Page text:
The writers of good strategy - both ICs and managers - must be in the work enough to know the difference between implausible and plausible actions. Being in the work is absolutely critical. When you craft outcomes disconnected to lived realities you might as well be writing a wish list. And when leaders are in the work, it prevents pushing the work of overcoming these blockers down the organizational hierarchy to people and teams that increasingly lack the authority to do so. 3

The Kernel, and PTO Handoff documents

The most famous takeaway from GS/BS is “The Kernel,” or how Rumelt defines the three components of good strategy:

  1. Diagnosis
  2. Guiding Policy/Policies
  3. Coherent Actions

I’ll define The Kernel via an example of using it to create a process in real life: PTO Handoff documents.

During the earliest parts of the Covid lockdown in 2020 it was clear many of us were struggling mentally and emotionally, and I wanted to make sure my team felt like they could take necessary mental health breaks from work without the cost of dropping important work in flight. I’m happy to report that my teams still use PTO Handoff documents today.


Defines the challenge. What’s holding you back from reaching your goals? A good diagnosis simplifies the often overwhelming complexity of reality down to a simpler story by identifying certain aspects of the situation as critical.

As a manager I want to ensure teammates manage their own mental health appropriately, and given work’s flexible PTO policy, take whatever PTO they need in order to do so. However, when people went on PTO the team’s output was impacted negatively, as commitments and coordinated efforts were unintentionally dropped.

Guiding Policies

An overall approach chosen to cope with or overcome the obstacles identified in the diagnosis. Like the guardrails on a highway, the guiding policy directs and constrains action in certain directions without defining exactly what shall be done.

  1. I’d like to ensure that teammates explicitly consider and communicate work in flight / work to be handed off before going on PTO.
  2. I’d like to ensure on-call rotations are handed off by those going on PTO.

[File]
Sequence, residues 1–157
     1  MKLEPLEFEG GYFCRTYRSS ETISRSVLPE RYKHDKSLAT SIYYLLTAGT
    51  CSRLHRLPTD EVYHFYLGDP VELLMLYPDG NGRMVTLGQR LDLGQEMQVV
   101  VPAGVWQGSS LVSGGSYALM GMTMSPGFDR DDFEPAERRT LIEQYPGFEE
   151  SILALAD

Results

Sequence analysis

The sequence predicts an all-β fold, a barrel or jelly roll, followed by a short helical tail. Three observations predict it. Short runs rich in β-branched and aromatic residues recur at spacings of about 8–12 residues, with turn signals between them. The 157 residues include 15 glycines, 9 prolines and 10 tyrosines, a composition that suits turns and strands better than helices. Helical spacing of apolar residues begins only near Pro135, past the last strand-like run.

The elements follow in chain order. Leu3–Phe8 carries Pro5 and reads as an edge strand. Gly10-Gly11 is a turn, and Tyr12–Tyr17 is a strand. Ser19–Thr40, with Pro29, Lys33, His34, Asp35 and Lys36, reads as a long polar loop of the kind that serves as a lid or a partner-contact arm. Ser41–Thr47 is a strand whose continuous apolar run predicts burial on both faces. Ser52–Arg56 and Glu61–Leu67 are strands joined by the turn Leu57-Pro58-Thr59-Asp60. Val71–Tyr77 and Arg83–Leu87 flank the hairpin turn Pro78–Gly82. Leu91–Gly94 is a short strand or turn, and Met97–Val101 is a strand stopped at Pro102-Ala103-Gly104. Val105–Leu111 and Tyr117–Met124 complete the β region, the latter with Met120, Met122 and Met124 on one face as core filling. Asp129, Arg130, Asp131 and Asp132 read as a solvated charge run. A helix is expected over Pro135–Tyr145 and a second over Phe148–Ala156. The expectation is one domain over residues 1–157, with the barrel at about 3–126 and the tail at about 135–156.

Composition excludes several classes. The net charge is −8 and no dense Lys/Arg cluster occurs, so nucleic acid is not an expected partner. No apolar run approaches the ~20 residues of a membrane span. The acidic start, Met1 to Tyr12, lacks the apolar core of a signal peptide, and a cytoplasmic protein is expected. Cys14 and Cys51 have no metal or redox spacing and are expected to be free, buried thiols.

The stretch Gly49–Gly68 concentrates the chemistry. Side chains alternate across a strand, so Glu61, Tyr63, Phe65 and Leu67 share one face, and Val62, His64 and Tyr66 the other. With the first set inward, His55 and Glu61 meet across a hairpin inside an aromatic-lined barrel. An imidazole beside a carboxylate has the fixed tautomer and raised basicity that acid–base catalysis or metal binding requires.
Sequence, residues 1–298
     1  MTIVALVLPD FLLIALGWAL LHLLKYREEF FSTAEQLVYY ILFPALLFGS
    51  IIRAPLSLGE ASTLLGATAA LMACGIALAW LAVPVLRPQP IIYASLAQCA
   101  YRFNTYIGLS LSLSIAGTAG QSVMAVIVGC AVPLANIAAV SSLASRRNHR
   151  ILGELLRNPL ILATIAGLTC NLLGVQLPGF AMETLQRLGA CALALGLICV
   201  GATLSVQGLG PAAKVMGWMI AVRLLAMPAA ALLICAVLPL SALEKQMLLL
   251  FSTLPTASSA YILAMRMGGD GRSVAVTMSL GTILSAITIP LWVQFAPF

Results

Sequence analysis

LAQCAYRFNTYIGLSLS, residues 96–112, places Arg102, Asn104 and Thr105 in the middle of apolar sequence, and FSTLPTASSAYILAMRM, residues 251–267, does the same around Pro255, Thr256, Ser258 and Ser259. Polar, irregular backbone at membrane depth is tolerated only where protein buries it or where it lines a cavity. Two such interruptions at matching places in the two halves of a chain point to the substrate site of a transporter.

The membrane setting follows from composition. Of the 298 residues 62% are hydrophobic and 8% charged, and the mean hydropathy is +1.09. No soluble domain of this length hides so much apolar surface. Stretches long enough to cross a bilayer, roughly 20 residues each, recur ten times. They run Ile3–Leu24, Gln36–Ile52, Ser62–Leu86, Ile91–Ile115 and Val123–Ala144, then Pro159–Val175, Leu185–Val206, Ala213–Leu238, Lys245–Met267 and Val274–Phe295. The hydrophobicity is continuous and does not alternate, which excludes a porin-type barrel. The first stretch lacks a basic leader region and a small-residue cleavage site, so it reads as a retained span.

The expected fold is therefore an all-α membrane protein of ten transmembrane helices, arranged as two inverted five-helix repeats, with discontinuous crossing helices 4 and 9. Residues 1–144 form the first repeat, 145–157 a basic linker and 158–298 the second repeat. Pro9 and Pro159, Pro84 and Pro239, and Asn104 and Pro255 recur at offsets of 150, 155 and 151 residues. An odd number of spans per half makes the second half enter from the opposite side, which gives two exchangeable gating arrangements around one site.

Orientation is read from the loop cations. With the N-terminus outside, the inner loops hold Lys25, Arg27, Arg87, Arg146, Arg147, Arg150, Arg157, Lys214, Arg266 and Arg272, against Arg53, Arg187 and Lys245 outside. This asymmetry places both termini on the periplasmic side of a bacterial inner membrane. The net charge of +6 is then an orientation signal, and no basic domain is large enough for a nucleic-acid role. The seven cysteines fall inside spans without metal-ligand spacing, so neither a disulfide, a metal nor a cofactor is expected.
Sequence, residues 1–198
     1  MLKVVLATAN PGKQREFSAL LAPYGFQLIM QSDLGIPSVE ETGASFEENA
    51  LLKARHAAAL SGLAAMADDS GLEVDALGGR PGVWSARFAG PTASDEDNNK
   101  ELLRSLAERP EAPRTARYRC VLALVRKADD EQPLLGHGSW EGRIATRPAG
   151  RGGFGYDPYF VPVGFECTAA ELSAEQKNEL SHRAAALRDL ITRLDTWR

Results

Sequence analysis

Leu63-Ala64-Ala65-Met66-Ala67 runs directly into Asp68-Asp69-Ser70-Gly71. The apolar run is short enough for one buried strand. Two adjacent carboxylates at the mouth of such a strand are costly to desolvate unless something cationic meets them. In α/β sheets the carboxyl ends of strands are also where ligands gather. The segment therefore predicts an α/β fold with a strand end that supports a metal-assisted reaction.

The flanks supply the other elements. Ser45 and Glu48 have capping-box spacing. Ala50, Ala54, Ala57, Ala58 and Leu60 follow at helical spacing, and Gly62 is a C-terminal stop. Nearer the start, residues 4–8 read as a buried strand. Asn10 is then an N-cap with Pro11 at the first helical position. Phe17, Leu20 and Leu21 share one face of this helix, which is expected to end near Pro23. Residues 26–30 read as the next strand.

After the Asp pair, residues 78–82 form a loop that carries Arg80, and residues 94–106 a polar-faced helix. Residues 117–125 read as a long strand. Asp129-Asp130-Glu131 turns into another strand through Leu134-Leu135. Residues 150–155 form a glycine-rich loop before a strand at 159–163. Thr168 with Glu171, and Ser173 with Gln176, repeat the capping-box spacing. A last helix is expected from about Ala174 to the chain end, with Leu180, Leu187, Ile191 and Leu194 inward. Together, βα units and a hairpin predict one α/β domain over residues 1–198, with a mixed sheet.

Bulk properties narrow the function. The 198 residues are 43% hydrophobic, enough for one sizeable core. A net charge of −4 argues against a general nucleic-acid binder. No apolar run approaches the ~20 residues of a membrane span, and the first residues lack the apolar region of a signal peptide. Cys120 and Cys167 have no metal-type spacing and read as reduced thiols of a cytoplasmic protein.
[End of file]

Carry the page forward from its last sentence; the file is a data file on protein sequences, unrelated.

3. I don’t want creating a PTO doc to feel so overbearing that it disincentivizes their use. I don’t want the writing the document itself to feel like too much work, and I want the criteria to qualify for the doc to feel reasonable.
  4. I want discoverability of PTO documents to be easy for any remaining team members who may need to reference them.

Coherent Actions

Dictate how the guiding policy will be carried out. The actions should be coherent, meaning the use of resources, policies, and maneuvers that are undertaken should be coordinated and support each other (not fight each other, or be independent from one another).

  1. Create a PTO handoff document by duplicating and editing an existing template in a specified Google Docs folder.
  2. All PTO handoff documents follow the same naming format, meaning there’s semantic meaning to the contents of the folder and it’s easy to scan for PTO docs based on date.
  3. PTO handoff documents are required to be shared before going on PTO >= three days.

PTO Handoff Template

For the curious, the final PTO Handoff Template.


  1. It’s interesting that I don’t hear about this happening at all anymore. I assume it’s because coding feels significantly more democratized/accessible than it was then, and the “someone has already built an app for that” factor is so high now. 

  2. If you liked that excerpt you will enjoy the rest of the book. Rumelt really holds no punches for ideas he considers stupid, which makes an otherwise sterile topic an easy and entertaining read. 

  3. This is why I don’t believe in technical leadership that is removed from shipping work. If you are on the IC track, you must to be in the code. If you are on the management track, you must actively participate in planning and shipping projects to production. If you can’t explain the basic architectures or workflows of the systems and teams you’re leading, how do you expect to be a strong arbiter of the decisions around their future direction?